In the last quarter of the twentieth century, cultural and social historians focused more critically upon contests for power, assessing minorities more empathetically, "from the bottom up," often attacking traditional political elites. The Vietnam War, Watergate, black and feminist drives for equality, and growing concern by many at colossal inequities in wealth and shrinking opportunity, all interact with an increasingly multicultural society and tarnished political system to undercut the very idea of legitimacy. Scholars who embrace cultural studies—much influenced by such French theorists as Jacques Derrida, Jacques Lacan, and Michel Foucault—explain battles for power and prestige between newcomers and nativist defenders of the old order by deconstructing such categories as economics, race and ethnicity, and gender and sexuality. Assessing these categories may not only allow new clarity in comprehending power relationships embedded in given contexts ("texts"), but the careful reading of evidence ("discourse") may also afford scholars a better sense of their own relationship to their realm of inquiry, indicate how the notion of "historical objectivity" invariably conveys values and requirements of dominant cultures, and supply the chance to make connections within, and between, governing and contending, often complicit, cultural paradigms. Cultural studies at its best respects history as fluid and uncontrollable (even by elites), and considers questions of cause-and-effect less important than understanding ways in which parts of the historical past (and theories like Antonio Gramsci's hegemony and complicity) fit together.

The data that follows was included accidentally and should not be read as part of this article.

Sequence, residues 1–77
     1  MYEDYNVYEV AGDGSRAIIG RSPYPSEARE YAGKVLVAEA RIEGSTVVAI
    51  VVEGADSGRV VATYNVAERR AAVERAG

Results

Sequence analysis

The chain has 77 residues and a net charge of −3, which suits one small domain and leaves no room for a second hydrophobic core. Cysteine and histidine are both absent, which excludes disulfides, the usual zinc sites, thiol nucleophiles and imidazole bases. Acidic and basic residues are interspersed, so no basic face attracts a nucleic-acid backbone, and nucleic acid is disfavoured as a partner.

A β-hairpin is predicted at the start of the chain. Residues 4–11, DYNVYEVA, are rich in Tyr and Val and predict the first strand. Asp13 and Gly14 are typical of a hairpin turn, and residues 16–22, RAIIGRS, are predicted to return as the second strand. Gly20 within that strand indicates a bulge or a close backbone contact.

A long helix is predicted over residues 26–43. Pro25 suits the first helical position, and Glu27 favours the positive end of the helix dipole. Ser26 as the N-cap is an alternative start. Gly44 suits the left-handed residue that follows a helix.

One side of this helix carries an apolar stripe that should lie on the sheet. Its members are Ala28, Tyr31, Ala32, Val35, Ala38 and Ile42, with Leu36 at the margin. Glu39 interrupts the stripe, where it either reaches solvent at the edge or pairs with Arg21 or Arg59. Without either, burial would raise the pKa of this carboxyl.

Although emerging mainly as varied forms of domestic intolerance, nativism has affected, and been affected by, United States foreign policy. On one hand, animosity toward immigrants and fear of alien influence have diverted attention from real national problems and their sources and solutions. Conversely, nativist stereotypes and images have impeded the efficient formulation and implementation of foreign policies. On several occasions, meanwhile, nativist endeavors to legitimize parochial agendas by identifying them with the nation's interests have generated crises involving the federal government. Withal, by encouraging disdain for the European concept of power politics, nativism has strengthened the nation's self-image of innocence and exceptionalism in a decadent world. Hence, the study of nativist ethnocentrism and xenophobia provides clues to aid historians in clarifying the interplay between domestic issues and foreign relations. These clues help to explain the persistence of moralism and rigidity in American diplomacy and the presence of emotionalism as an important problem for national self-interest.